Belfast Telegraph

Ferdinand: We are united, unlike Manchester City

Rio Ferdinand has made a veiled attack on team spirit of Manchester City ahead of Saturday's FA Cup semi-final between the two Manchester clubs.

Ferdinand pointedly said that United players do not complain about being substituted or sitting on the bench.

He was speaking on Tuesday night, the day after City's James Milner was visibly upset at being withdrawn by Roberto Mancini at Anfield.

“You don't see people coming off shaking their heads or being disgruntled or sitting on the bench in a sulk at this club,” Ferdinand declared in the aftermath of United's defeat of Chelsea, “because everyone is delighted to be at this club and they want to be here.”

Ferdinand volunteered this point in what seems to be a comparison with United's cross-city rivals, who have been afflicted by discord in the squad this season.

There have been fights on the training ground between players and, pertinently, on Monday at Liverpool Milner shook his head in disappointment on being substituted.

“The moment you show a little bit of dissent like that the manager isn't happy and he pulls rank and rightly so,” Ferdinand said.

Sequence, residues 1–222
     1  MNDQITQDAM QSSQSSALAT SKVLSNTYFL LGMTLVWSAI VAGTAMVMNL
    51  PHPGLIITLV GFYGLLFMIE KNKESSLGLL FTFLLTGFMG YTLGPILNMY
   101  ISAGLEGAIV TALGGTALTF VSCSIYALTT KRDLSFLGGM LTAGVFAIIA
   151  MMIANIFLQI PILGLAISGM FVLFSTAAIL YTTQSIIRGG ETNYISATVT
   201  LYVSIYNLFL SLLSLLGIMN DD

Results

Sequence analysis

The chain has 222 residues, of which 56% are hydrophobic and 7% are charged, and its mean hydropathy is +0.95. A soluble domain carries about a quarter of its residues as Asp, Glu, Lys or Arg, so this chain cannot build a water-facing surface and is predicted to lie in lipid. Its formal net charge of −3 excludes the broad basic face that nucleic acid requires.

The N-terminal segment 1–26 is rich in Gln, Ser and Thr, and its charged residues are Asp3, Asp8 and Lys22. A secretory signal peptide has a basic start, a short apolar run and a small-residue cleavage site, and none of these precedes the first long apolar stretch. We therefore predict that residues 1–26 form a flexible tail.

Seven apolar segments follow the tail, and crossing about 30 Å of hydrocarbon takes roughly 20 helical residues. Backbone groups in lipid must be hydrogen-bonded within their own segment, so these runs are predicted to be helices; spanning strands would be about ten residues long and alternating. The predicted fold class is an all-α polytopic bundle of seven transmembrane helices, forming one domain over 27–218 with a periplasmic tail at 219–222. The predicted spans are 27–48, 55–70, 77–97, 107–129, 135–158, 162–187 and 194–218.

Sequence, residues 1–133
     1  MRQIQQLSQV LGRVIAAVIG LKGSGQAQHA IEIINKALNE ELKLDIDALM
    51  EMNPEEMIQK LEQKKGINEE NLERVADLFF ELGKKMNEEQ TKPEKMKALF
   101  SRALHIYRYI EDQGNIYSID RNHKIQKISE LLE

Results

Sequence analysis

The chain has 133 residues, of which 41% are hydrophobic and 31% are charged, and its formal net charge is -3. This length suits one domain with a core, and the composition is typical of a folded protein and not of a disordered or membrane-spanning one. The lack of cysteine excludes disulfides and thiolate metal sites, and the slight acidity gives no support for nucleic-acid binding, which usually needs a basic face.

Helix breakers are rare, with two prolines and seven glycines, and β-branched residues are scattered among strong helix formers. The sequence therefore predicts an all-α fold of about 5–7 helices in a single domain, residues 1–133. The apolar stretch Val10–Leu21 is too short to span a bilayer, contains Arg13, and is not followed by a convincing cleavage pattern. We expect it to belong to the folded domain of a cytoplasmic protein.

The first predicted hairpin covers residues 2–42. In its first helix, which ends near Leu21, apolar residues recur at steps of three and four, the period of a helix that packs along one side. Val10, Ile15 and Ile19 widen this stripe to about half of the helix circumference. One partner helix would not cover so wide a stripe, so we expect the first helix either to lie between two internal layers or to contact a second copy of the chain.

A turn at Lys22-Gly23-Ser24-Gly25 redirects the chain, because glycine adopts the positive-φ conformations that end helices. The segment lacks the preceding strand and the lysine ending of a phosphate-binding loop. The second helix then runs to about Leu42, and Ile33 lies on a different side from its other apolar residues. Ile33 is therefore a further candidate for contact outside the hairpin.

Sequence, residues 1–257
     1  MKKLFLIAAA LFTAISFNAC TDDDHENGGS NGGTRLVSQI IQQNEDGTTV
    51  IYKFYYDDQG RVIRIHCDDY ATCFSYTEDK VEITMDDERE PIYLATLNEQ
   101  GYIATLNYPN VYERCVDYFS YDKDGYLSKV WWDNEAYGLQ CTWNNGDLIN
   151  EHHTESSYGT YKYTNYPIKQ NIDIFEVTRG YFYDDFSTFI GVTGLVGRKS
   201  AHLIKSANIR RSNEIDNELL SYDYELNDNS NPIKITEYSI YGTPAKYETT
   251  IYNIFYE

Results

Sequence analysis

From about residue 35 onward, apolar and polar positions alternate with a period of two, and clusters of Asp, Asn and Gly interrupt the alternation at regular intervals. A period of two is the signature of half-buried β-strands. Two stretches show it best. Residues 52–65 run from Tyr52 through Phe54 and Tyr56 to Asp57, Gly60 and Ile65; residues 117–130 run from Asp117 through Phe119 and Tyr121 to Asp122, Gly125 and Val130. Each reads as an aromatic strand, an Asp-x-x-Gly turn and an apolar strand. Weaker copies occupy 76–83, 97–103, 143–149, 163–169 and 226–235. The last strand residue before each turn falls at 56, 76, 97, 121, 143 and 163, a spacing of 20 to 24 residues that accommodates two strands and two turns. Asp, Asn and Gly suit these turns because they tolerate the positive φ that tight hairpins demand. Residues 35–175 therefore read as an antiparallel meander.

“He keeps people on their toes. People want to play here. You want to be here. You don't want to be part of any other squad and that's the way it is.”

When asked why there was such unity, Ferdinand replied that it was “just a respect for the club, the manager, and the people who were here before you”.

Ferdinand was clear on the importance of avoiding dissent to the coherence of the club. “It's an unwritten rule,” he said. “You see in the changing-room before games there are no cliques. People are wishing each other well before games, even if someone else is playing in your position, that's just the way we are.”

Meanwhile, Wayne Rooney admitted that his swearing on television was “wrong”, and said he “accepts” his two-match ban from the Football Association.

Rooney is suspended for Saturday's FA Cup semi-final, but reflected that he has to “move on” from the controversy, which dated back to Manchester United's win at West Ham nearly two weeks ago. The England forward had apologised soon after the incident. He swore into a camera in the aftermath of his third goal, in a game where United recovered from 0-2 down to win 4-2.

He was, nevertheless, banned for two games for “offensive, insulting and/or abusive language”, and his appeal was rejected.

Yesterday he apologised again on talkSPORT. “Of course it was wrong of me to do,” he admitted, “but I accept my punishment and you just have to move on. Hopefully the boys can pull through for me on Saturday and hopefully get to that FA Cup final.”

Rooney praised Ryan Giggs, and predicted that he would be knighted sooner rather than later.

“What he has done at Man United, what he does for the younger players at the club is absolutely fantastic,” Rooney said. “For me, he's a genius and don't think it will be long before we call him Sir Ryan.”

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